Aside from playing with the idea of television inception, the characters in 30 Rock sometimes reference an aspect of the show that they technically shouldn’t know about. For example, in Season 7 when Liz Lemon finally marries Kriss (and yes, that is spelled correctly), the episode opens with her singing a song to the other writers in the tune of the theme song of 30 Rock, (which was composed by her real life husband, might I add). The line read, “Married, Liz Lemon got married, and made up this song,” which allowed the show to move from scene into the opening theme song without skipping a beat. Along with poking fun at the fact that they are actors on a television show about themselves, Fey also uses product placement to break the fourth wall- breaking her character in the middle of a scene while speaking directly to advertisers. In one episode, Alec Baldwin’s character Jack Donaghy goes off on a tangent about Verizon Wireless phones being oh so popular and Fey’s character Liz responds by saying that Verizon’s service is unbeatable and how she wants to get one for herself. After she finishes her line she looks at the camera and says, “Can we get our money now?” [ watch?v=d36wUmJGzvA]. Tina’s character is acknowledging that she is on a show and by directly asking for money she is acknowledging that 30 Rock is in need of money to keep it on air.
30 Rock is constantly referencing pop culture and real life celebrities, often using them to play various versions of themselves. In the first episode of season two, Jerry Seinfeld is featured on the show, playing a version himself who is defending his role from the NBC show Seinfeld. By making fun of his old character, 30 Rock is making fun of his show, his role in television and NBC as a general broadcaster. 30 Rock also regularly used fake TV shows to make fun of real TV shows that are popular today. For example, TGS is meant to reflect SNL, America’s Kidz Got Singing is making fun of almost every contest singing show (and especially Simon Cowell), Gold Case is reflecting Deal or No Deal and Queen of Jordan was created to poke fun at any Housewives of Whatever that airs on Bravo. 30 Rock also featured two live episodes which based a lot of its humor on the idea of “breaking”. “Breaking” is when actors break their role on a show by laughing, screwing up dialogue, or messing up the set. In one live episode, Morgan’s character talked about how he wants to “break” in the next episode of TGS and then goes ahead and “breaks” his role on 30 Rock by laughing uncontrollably in front of a live audience.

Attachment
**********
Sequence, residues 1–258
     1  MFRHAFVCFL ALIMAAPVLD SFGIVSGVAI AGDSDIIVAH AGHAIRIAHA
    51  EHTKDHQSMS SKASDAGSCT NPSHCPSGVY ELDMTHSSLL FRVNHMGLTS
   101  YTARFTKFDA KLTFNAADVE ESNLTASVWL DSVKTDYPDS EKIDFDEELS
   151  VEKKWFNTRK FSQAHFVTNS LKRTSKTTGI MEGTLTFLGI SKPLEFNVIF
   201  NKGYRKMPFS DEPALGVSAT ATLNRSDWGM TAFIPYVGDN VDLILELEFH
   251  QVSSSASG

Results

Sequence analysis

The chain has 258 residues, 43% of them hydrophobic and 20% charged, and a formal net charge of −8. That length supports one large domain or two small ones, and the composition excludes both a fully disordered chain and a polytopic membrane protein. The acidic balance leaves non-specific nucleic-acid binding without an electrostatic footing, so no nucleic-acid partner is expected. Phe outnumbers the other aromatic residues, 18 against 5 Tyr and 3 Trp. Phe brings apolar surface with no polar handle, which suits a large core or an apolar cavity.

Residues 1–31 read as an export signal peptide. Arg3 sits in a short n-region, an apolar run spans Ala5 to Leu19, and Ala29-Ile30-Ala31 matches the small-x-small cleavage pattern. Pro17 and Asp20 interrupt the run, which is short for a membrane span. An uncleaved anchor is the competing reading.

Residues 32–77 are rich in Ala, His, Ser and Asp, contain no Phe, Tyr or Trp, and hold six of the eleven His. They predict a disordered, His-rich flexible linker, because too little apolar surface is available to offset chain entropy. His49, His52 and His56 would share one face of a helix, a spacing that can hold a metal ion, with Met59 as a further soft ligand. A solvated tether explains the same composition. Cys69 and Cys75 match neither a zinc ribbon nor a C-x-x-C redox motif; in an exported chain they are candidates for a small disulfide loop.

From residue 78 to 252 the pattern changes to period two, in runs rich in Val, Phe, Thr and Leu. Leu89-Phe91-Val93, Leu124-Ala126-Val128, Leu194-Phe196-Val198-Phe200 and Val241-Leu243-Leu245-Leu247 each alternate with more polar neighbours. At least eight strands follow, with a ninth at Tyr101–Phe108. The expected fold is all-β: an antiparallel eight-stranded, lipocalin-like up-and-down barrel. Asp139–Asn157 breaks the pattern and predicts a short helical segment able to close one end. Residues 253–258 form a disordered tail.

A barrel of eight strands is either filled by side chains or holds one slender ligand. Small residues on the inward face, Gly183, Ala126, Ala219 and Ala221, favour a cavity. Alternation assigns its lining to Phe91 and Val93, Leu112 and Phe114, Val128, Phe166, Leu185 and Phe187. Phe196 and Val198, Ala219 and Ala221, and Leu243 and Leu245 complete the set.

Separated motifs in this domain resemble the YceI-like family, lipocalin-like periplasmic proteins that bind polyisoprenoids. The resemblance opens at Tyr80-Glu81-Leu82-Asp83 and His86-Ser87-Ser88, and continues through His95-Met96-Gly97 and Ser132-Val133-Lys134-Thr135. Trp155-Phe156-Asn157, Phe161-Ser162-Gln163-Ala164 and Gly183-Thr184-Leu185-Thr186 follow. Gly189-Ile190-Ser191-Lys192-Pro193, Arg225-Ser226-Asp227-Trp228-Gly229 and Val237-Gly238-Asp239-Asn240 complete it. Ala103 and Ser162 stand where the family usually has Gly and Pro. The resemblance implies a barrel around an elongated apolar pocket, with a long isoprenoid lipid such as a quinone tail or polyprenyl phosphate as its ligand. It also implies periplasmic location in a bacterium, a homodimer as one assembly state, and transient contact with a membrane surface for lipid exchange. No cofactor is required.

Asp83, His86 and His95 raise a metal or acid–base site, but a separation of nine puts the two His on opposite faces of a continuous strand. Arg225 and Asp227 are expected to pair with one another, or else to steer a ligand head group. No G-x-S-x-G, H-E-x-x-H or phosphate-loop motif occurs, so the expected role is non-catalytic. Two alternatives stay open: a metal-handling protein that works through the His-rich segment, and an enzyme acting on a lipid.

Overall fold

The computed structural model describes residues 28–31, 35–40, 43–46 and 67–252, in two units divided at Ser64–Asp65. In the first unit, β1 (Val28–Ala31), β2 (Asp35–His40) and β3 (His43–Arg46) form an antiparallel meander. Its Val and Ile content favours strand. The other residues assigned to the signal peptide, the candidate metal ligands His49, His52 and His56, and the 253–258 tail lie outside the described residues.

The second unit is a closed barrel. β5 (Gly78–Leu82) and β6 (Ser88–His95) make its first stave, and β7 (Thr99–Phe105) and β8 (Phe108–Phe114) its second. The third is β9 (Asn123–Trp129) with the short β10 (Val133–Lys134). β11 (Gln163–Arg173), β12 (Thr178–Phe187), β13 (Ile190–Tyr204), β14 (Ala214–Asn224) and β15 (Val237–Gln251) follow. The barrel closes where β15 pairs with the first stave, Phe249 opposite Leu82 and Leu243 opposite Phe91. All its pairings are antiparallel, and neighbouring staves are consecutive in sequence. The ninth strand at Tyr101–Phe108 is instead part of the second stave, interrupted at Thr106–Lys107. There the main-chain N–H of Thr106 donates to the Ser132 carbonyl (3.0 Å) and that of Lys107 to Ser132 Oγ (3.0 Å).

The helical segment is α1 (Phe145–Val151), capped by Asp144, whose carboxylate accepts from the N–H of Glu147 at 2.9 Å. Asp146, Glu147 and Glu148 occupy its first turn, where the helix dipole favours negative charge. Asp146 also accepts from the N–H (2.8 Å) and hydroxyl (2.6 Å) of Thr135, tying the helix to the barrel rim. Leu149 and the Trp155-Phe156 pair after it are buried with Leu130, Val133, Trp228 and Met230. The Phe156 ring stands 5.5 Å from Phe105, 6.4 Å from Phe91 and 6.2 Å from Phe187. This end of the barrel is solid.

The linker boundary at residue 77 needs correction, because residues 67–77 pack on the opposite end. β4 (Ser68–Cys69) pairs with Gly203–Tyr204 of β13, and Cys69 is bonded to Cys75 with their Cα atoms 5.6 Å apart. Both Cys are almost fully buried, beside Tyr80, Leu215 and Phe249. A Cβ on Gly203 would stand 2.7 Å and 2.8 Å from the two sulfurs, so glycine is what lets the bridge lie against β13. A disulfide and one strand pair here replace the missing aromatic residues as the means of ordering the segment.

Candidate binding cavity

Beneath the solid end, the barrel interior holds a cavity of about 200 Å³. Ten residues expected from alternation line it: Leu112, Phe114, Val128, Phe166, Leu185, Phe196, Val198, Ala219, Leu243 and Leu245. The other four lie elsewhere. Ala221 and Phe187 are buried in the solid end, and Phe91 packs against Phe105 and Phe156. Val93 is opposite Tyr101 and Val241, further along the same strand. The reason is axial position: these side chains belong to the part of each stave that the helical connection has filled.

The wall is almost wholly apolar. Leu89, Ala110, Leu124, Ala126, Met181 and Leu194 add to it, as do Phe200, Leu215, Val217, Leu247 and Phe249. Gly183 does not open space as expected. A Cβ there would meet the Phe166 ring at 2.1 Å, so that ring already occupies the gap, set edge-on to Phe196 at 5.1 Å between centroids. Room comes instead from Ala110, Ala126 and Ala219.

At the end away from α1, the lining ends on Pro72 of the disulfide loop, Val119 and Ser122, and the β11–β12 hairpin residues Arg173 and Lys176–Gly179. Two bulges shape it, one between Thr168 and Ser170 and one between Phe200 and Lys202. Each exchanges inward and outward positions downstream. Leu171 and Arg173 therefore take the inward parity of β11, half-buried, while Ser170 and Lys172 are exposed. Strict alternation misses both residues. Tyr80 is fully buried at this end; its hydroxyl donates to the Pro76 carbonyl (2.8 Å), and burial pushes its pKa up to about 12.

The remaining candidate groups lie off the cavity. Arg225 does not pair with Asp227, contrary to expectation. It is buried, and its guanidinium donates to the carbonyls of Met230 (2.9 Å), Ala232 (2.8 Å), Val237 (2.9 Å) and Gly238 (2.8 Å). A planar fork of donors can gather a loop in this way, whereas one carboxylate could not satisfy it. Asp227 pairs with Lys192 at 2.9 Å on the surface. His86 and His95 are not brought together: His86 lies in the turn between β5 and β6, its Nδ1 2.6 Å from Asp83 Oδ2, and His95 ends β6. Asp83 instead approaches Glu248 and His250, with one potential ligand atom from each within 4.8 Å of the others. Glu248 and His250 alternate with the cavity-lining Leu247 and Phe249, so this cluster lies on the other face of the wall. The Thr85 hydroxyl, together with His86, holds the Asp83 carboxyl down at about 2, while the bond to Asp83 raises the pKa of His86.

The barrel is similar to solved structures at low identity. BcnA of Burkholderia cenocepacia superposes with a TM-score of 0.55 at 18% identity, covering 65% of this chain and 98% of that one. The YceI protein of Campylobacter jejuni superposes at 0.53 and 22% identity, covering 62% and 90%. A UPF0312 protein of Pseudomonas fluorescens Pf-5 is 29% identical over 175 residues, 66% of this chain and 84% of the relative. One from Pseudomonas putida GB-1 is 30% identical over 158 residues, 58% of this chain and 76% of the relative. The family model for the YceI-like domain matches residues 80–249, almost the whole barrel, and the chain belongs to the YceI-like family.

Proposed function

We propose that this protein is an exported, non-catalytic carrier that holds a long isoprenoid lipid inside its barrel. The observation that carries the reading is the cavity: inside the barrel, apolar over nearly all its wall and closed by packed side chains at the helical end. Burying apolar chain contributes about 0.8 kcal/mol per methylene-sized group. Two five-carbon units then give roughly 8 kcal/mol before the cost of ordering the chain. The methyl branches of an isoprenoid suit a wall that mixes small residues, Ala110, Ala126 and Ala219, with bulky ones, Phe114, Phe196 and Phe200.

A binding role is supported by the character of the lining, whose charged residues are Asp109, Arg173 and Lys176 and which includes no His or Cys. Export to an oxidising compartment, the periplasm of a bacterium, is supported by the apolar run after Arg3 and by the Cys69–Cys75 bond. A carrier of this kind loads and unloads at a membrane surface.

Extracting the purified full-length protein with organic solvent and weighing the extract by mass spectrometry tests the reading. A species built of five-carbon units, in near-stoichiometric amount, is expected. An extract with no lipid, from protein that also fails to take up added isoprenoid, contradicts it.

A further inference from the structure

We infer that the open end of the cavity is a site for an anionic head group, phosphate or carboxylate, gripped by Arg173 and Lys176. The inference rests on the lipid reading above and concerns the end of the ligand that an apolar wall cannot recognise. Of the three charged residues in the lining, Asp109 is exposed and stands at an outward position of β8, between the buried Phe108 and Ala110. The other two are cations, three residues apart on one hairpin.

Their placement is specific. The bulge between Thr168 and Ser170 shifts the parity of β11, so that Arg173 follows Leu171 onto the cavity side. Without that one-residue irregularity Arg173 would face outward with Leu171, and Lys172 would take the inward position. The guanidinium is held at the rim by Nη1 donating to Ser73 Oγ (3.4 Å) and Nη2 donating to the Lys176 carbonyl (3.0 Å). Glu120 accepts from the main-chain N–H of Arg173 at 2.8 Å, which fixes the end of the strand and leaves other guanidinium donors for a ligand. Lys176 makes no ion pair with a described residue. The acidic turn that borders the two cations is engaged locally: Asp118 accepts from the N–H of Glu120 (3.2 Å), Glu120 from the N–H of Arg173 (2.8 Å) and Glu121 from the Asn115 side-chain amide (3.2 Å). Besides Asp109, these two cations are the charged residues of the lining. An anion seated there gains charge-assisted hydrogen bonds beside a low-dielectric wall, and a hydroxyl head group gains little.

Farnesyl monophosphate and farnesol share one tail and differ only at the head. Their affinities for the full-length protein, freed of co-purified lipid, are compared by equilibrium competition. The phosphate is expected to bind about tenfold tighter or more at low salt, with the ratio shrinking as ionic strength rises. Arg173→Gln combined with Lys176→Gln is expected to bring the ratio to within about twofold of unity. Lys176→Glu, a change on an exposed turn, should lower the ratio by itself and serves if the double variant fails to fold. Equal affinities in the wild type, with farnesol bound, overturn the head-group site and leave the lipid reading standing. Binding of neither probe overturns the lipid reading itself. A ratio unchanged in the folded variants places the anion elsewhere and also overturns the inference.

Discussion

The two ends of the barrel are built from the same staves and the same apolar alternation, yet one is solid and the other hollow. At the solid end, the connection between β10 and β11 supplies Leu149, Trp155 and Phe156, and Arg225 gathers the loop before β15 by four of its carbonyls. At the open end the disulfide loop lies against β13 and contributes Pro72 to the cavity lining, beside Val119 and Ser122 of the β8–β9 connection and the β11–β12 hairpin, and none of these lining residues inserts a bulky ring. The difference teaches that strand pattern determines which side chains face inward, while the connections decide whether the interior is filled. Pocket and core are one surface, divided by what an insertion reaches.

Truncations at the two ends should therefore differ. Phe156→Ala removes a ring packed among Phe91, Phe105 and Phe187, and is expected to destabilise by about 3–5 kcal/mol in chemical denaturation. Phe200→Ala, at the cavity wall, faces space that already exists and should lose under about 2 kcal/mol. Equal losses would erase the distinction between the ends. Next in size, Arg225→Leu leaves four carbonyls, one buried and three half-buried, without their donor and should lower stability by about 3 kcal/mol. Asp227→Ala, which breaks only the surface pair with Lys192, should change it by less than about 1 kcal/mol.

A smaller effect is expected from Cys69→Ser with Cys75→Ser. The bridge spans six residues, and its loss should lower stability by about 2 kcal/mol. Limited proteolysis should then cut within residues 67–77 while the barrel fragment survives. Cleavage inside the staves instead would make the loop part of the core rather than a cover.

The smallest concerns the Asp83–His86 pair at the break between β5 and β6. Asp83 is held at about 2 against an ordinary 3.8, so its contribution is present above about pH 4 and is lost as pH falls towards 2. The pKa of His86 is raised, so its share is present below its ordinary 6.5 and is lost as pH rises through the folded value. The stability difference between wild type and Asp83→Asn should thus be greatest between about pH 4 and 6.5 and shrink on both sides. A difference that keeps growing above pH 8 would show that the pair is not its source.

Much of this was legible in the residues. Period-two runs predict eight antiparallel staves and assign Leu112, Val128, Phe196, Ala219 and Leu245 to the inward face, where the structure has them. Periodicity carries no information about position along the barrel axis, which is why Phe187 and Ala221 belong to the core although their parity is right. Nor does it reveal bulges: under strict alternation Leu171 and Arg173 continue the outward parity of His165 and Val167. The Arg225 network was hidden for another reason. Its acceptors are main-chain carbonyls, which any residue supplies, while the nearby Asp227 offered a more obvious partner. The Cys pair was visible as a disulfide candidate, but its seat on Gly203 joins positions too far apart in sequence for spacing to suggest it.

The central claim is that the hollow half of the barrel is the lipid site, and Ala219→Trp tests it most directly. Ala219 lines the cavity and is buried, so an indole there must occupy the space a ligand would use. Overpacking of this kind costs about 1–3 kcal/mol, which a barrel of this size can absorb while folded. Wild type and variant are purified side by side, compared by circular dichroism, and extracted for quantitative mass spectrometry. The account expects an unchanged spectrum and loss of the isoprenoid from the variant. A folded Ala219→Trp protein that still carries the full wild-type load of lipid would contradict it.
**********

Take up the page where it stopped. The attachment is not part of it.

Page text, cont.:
The series finale however, really took meta-humor to a whole new level when the last episode of 30 Rock was also the last episode of TGS. As both TGS and 30 Rock was coming to an end, the camera focused on Tracy Jordan who screams, “Thank you America. That’s our show. Not a lot of people watched it but the joke’s on you, because we got paid anyway.” After the episode ended, they give a “one year later” summary of each of the characters. Grizz is shown staring in his own sitcom produced by Liz and Dotcom, Jack is shown staring in a different sitcom similar to 30 Rock and the episode concludes with Kenneth Parcell speaking with Miss Lemon (Liz’s great granddaughter) where she is pitching a show based on the stories from 30 Rock. Talk about meta-humor within meta-humor within meta-humor!

Works Cited
"Breaking the Fourth Wall." RSS. TV Tropes, n.d. Web. 30 Mar. 2014.
Hiatt, Brian. "The Last Days of '30 Rock'" Rolling Stone. Rolling Stone, 31 Jan. 2013. Web. 30 Mar. 2014.
Kroeger, Jake. "Joke Inception: Meta Comedy: Is This Still a Bit?: What’s Happening?" Nerdist. Nerdist, 30 Aug. 2011. Web. 30 Mar. 2014.
Mary. "What “30 Rock” Meant to Me | Persephone Magazine." Persephone Magazine. Wordpress, 6 Feb. 2013. Web. 30 Mar. 2014.
Sanders, Charlie Jane. "The Most Fourth Wall-Breaking Moments in Television History." Io9. Io9, 06 Aug. 2013. Web. 30 Mar. 2014.
Temple, Emily. "The Most Meta TV Shows of All Time." Flavorwire. Flavorwire, 22 Jan. 2012. Web. 30 Mar. 2014.

No comments:

Post a Comment

Note: Only a member of this blog may post a comment.